“The participants of Baton Beats inspired me each and every week.”

They all had their own reasons for attending and each found collective happiness within the group. I came to recognise that I was feeling happiness too. I would always walk away with a positive memory of something I observed, whether that be improvement in communication between the participants, a boost in mood or improvement in their coordination through music.

I hit upon the realisation that the most important things for me to be were to be present, fun and supportive. I was able to let go of the pressure and expectation I was putting on myself and, as a result, become a much more considerate and confident person overall.

Prior to connecting with Plymouth Music Zone, I found it intimidating to talk to people who were ‘different’ to me because I felt that I might not have known what to say, or have been able to understand them, or for them to understand me. With Baton Beats being such an inclusive group, it showed me how to let go of that anxiety and just enjoy talking to anyone and everyone. It made me appreciate that everybody has a story to tell and an interesting personality to get to know. This became one of my favourite things about PMZ.

“It became a new focus for me”

PMZ's Drum Kit

Seeing how incredible community music could be, I found myself unable to think about anything else. I was so excited to go to the workshops, learn new things and make new memories.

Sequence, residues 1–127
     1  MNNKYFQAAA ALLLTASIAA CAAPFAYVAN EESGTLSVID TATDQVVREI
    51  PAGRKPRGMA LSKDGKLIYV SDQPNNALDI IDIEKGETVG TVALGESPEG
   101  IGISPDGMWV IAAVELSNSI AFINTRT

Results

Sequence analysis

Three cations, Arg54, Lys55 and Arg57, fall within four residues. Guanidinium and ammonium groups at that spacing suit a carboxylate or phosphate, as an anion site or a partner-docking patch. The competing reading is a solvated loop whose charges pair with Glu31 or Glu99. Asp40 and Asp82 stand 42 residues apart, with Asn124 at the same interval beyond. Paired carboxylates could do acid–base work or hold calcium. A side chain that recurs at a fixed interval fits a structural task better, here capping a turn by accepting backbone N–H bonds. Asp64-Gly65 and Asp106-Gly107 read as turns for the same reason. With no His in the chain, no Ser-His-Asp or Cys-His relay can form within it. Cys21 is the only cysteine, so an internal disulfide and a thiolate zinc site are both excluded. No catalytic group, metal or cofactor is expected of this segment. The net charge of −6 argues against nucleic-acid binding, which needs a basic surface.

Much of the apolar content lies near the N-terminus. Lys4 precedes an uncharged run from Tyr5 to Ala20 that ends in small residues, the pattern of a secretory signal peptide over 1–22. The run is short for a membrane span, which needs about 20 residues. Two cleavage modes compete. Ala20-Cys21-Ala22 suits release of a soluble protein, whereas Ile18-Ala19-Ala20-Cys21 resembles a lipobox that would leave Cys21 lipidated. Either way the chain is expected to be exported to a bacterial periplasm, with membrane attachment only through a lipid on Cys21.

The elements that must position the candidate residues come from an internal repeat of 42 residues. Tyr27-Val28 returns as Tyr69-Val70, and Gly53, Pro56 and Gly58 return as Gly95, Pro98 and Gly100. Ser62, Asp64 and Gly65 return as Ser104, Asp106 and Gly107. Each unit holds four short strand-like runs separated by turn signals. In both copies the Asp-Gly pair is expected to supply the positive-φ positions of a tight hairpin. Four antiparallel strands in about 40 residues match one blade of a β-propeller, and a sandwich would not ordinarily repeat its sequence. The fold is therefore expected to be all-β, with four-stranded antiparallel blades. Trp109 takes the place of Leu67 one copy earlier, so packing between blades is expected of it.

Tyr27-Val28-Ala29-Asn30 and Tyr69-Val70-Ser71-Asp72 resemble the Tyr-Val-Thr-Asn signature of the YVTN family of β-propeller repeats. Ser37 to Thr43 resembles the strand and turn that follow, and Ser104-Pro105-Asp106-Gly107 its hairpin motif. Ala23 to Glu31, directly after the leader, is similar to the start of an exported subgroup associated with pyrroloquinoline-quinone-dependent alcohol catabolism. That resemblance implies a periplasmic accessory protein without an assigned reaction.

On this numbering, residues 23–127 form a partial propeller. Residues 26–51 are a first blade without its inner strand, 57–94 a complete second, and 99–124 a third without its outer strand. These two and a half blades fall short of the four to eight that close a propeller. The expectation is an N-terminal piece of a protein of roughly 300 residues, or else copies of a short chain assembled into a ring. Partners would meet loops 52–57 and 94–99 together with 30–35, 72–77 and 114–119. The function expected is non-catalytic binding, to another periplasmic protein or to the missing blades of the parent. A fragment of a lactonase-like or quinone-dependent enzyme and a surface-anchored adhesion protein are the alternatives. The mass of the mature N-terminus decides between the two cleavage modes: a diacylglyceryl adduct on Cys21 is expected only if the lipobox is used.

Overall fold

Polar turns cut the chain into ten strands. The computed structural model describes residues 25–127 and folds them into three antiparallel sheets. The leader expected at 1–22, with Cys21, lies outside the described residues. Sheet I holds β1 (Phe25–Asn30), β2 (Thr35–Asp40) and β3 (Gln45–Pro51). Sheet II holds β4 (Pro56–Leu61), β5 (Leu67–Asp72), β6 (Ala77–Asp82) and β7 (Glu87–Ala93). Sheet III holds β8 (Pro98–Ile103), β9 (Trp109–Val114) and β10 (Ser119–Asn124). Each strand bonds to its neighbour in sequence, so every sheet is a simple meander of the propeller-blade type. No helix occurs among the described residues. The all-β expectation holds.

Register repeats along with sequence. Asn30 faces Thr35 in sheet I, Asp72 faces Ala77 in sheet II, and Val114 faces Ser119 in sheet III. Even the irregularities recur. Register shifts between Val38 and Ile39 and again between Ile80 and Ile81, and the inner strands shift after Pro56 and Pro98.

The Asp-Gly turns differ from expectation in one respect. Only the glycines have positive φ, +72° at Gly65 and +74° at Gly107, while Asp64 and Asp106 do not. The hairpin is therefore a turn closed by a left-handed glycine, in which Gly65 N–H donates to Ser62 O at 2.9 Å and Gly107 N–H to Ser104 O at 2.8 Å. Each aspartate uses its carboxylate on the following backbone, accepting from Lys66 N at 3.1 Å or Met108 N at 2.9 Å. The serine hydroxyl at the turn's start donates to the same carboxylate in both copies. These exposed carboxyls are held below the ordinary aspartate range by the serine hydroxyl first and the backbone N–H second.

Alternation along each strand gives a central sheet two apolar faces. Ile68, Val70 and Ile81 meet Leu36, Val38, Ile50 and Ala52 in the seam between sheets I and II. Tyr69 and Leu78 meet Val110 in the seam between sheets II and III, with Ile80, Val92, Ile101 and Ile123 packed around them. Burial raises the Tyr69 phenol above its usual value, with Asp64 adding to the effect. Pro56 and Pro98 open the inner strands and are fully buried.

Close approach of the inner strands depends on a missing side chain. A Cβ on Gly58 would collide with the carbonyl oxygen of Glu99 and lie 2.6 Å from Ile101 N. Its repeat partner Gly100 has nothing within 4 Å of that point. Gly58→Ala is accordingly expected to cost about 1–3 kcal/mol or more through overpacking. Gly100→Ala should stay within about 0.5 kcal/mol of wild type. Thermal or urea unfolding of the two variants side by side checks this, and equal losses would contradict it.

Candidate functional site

It is now something that I know that I want to do for the rest of my life. PMZ has given me a completely different outlook on how music can change peoples’ lives. It truly resonates with me, my beliefs and my soul. The inspiration it has sparked in me has been massive.

I applied for a Master’s Degree at the University of South Wales in Music Therapy and was offered a place to begin in September 2020. During my interview, they asked me about my experience working with various client groups and PMZ was definitely the experience that they were looking for. PMZ offered me not only the experience of working with a range of people including vulnerable adults but also within a musical environment. This was absolutely perfect and if it wasn’t for PMZ, I do not believe that I would have been accepted onto the Master’s course.

“My PMZ journey will remain with me for a lifetime.”

It was a safe, fun and educational place to work. The endless positivity of PMZ and its inclusiveness will stay with me forever. These are attributes I know that I’ll include in my future work wherever I end up. PMZ gave me opportunities and made my dream career attainable. I’ll never forget the wonderful people who I worked with and the inspiring participants during the sessions. I am sad that my time with PMZ is over but I am incredibly happy and honoured that I got to experience and be part of such a wonderful organisation. I hope to keep in touch about what we all get up to. Thank you, PMZ!

Plymouth Music Zone has just started a ‘Knowledge Exchange’ programme with the University of Plymouth so many other students like Emily will get a similar chance to learn from PMZ.